Anca Szilágyi

Introduction for Anca Szilágyi

Why There Are Words PDX Presents “Migrate”

November 18, 2018

by Virginia Bellis Brandabur

 

Our next reader, Anca Szilágyi, migrated from New York City to the Pacific Northwest, where she’s been recognized as one of the “fresh new faces in Seattle fiction.” The Seattle Review of Books has said Anca’s “work is like a fairy tale – the sort of thing you’d find handwritten on a tiny scroll… under a mushroom in the middle of a forest on the longest day of the year.” And while I agree that Anca’s writing is magical and enchanting, we cannot just leave it there.

For when you listen closely to Anca’s stories, a chill will brush over your skin. You might feel compelled to peer into the shadows. You will find yourself whispering, “What is that? What is going on?” And you will most certainly feel uncomfortable with the one-sided silence confronting you there, as if you had only just missed words uttered by a ghost. Yes, Anca’s stories will haunt you with silence.

In her short fiction piece, “Scrolling Through the Feed,”  Anca makes us witness to a string of surreal and seemingly disconnected events – a man with a “big smile and a steak knife” chasing another, a couple sharing a warm beer on discarded armchairs perhaps “covered in cat pee,” “two bandit-like fellas” firing up a chainsaw in a public park, and a man waving his arms in the middle of the street. Yet on closer examination, these events are connected by the narrator’s unwillingness to speak up. This action of remaining quiet, of failing to speak out about the wrong in the world, makes the narrator – and us, as readers – complicit in the violence, the addiction, and the accident waiting to happen.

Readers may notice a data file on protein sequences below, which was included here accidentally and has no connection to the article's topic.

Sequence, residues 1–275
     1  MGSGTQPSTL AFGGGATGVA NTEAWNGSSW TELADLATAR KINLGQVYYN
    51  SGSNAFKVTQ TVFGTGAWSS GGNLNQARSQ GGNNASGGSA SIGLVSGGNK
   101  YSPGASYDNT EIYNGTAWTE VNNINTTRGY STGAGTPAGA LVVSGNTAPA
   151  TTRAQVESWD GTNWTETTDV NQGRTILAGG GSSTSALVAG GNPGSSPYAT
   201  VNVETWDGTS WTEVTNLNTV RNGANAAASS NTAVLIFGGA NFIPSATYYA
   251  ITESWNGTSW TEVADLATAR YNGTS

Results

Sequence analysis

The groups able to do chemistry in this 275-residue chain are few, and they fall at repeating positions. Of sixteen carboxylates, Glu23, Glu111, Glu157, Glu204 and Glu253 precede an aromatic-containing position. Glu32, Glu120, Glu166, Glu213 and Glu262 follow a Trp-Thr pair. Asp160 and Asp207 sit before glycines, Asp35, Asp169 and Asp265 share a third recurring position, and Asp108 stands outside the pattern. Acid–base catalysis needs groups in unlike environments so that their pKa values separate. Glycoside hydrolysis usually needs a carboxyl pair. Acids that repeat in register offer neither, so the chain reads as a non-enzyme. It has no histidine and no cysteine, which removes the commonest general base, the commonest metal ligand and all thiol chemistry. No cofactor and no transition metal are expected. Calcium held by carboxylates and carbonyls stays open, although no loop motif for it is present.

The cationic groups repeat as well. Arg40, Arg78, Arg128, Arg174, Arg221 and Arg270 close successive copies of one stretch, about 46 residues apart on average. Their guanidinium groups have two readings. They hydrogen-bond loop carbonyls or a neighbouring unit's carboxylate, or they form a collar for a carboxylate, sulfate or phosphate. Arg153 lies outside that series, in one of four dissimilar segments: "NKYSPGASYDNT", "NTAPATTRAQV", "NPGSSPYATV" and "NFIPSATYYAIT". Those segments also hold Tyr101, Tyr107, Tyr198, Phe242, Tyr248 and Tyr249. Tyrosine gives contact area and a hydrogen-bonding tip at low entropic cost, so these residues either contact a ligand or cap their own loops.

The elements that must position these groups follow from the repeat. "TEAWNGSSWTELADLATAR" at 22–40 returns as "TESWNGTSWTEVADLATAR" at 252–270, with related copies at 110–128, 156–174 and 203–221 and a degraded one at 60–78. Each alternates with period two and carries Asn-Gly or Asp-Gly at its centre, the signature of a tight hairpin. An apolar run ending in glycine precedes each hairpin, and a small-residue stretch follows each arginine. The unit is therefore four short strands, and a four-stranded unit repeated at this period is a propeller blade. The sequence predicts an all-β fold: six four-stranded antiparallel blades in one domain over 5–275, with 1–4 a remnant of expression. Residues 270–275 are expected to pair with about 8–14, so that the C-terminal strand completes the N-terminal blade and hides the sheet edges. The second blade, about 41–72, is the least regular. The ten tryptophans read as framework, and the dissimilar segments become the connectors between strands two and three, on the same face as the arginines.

In her most recent novel, Daughters of the Air, Anca explores ever more dire consequences of keeping silent. The story, of a family whose father was disappeared during Argentina’s Dirty War, opens with the utter necessity of silence; literally a matter of life and death. Of the terror and chaos and victims of the ongoing war, “it was best not to talk of such things.” Yet survival through silence has a cost. For mother and daughter, left to live with the yawing terror of such a disappearance, every interaction is fraught with what is left unspoken. “Unutterable, unutterable. Their dialogue of glances went something like this: What could we say to each other? Why do we hesitate?” As their ongoing silence only makes things worse, we find ourselves left beseeching her characters, “Why don’t you say something?”

Perhaps this is just what Anca wants us to ask ourselves.

Please join me in welcoming Anca Szilágyi.

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